15 Year outcomes in Anterior Cruciate Ligament reconstructed patients

Leo Pinczewski’s study in the January 2011 edition of the AJSM has some interesting information.

In his article he followed 90 isolated ACL reconstructed patients over 15 years. 24% had a tear of the contra lateral ACL during that time and 8% ruptured their graft.
A vertically placed graft had a 10 times greater chance of an ACL graft rupture.
This is good news because in the last 5 years there has been a change in surgical technique where now surgeons are drilling the femoral tunnel through the medial portal so that the tunnel is more lateral than vertical. It is likely that this change in technique is resulting in fewer graft ruptures.

51% of patients had x-ray evidence of osteoarthritis at 15 years. The study showed
that the incidence of radiographic OA is lower in patients treated with ACL reconstruction compared with previous reports of patients with nonoperative treatment of ACL deficiency.

Younger patients are obviously more likely to have further trouble as they are more likely to continue to play at a higher level for longer. Patients did better after lateral meniscectomy compared with medial meniscectomy, with more patients progressing to OA after medial meniscectomy. Therefore, the effect of a less than one-third lateral meniscectomy on long-term functional and radiographic outcome is most likely minimal.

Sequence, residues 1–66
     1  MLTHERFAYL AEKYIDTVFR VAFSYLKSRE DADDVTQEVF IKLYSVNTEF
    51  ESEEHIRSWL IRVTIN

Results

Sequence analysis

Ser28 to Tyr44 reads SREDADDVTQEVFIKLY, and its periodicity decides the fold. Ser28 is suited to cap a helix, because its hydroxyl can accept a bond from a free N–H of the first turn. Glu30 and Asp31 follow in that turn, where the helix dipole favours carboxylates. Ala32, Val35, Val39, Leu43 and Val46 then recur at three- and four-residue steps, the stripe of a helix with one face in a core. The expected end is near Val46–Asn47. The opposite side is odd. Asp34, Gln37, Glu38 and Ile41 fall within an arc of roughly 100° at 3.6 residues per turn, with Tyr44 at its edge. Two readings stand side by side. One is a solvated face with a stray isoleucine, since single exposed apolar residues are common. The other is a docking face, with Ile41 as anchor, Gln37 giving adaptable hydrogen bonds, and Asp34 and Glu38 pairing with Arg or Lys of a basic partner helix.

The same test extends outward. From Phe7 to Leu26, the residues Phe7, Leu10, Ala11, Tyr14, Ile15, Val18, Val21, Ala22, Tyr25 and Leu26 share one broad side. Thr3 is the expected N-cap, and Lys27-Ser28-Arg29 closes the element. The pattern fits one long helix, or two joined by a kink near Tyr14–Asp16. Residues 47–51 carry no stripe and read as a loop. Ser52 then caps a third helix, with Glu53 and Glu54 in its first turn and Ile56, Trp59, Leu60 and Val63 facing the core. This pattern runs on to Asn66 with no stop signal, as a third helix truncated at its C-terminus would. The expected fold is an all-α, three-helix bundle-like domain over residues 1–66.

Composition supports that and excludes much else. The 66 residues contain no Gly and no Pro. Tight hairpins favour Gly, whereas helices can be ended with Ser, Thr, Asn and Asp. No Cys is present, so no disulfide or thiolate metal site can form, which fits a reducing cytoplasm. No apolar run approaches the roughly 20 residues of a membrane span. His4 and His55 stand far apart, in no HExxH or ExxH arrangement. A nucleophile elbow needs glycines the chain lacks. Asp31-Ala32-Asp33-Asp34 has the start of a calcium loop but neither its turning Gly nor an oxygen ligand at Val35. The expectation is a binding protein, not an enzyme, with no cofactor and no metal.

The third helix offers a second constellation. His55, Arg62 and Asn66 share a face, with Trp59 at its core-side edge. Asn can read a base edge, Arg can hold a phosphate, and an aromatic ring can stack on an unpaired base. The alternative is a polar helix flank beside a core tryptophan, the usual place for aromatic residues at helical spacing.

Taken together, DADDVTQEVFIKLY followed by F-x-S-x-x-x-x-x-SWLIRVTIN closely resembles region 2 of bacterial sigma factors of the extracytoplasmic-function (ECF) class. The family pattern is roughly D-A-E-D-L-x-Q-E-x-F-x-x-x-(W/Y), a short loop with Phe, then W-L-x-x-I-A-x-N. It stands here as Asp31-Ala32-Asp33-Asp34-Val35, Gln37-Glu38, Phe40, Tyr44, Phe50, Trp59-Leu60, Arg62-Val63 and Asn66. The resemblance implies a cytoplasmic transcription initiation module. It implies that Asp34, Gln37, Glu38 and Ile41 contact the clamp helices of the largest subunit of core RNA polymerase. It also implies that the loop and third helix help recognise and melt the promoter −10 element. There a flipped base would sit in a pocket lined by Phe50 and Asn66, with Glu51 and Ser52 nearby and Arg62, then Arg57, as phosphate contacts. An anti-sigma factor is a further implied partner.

Of the 7 patients with meniscal repairs, only 1 patient who had medial meniscal repair required later meniscectomy, indicating that the other 6 patients had successful meniscal repair and were able to save their menisci.

All this is not bad news for this group of patients. However this represents only 90 of the 333 ACL reconstructions performed by Leo Pinczewski between January 1993 and April 1994. Exclusion criteria included any associated ligament injury requiring surgery, evidence of chondral damage or degeneration, previous meniscectomy or meniscal injury requiring
more than one-third meniscectomy at the time of reconstruction, abnormal radiograph results, abnormal contra lateral knee, patients seeking compensation for their injuries, and patients who did not wish to participate in a research study. Therefore, the study group consisted of
90 patients with an essentially isolated ACL injury.

To give a patient information before surgery I would like to know how the other 2/3 of patients do.

How does a total / near total meniscectomy affect outcome?

How does chondral damage affect outcome?